Critical role for IL-18 in spontaneous lung inflammation caused by autophagy deficiency

Elmoataz Abdel Fattah, Abhisek Bhattacharya, Alan Herron, Zeenat Safdar, N. Tony Eissa

Research output: Contribution to journalArticlepeer-review

54 Scopus citations


Autophagy is an important component of the immune response. However, the functions of autophagy in human diseases are much less understood. We studied biological consequences of autophagy deficiency in mice lacking the essential autophagy gene Atg7 or Atg5 in myeloid cells. Surprisingly, these mice presented with spontaneous sterile lung inflammation, characterized by marked recruitment of inflammatory cells, submucosal thickening, goblet cell metaplasia, and increased collagen content. Lung inflammation was associated with increase in several proinflammatory cytokines in the bronchoalveolar lavage and in serum. This inflammation was largely driven by IL-18 as a result of constitutive inflammasome activation. Following i.p. LPS injection, autophagy-deficient mice had higher levels of proinflammatory cytokines in lungs and in serum, as well as increased mortality, than control mice. Intranasal bleomycin challenge exacerbated lung inflammation in autophagy-deficient mice and produced more severe fibrotic changes than in control mice. These results uncover a new and important role for autophagy as negative regulator of lung inflammation.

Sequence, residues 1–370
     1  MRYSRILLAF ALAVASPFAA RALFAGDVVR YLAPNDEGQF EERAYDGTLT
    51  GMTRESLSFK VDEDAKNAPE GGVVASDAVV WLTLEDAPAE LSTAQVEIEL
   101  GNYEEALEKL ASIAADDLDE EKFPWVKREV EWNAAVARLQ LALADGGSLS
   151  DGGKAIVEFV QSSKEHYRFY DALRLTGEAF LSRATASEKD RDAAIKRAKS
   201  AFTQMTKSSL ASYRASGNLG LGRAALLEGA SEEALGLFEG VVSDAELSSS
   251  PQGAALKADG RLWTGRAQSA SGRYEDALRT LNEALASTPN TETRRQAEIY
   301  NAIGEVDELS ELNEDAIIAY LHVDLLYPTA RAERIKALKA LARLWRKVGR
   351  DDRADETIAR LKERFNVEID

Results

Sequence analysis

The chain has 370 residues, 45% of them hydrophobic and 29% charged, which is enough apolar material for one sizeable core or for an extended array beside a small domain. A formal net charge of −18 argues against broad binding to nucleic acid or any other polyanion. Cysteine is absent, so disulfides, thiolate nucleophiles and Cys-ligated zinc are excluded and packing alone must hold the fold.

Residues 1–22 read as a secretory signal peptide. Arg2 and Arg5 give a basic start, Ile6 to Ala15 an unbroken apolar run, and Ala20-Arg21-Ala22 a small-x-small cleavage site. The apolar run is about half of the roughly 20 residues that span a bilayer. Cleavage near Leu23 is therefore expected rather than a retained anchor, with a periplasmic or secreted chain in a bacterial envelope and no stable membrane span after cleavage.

Original languageEnglish (US)
Pages (from-to)5407-5416
Number of pages10
JournalJournal of Immunology
Issue number11
StatePublished - Jun 1 2015

ASJC Scopus subject areas

  • Immunology and Allergy
  • Immunology


Dive into the research topics of 'Critical role for IL-18 in spontaneous lung inflammation caused by autophagy deficiency'. Together they form a unique fingerprint.

Cite this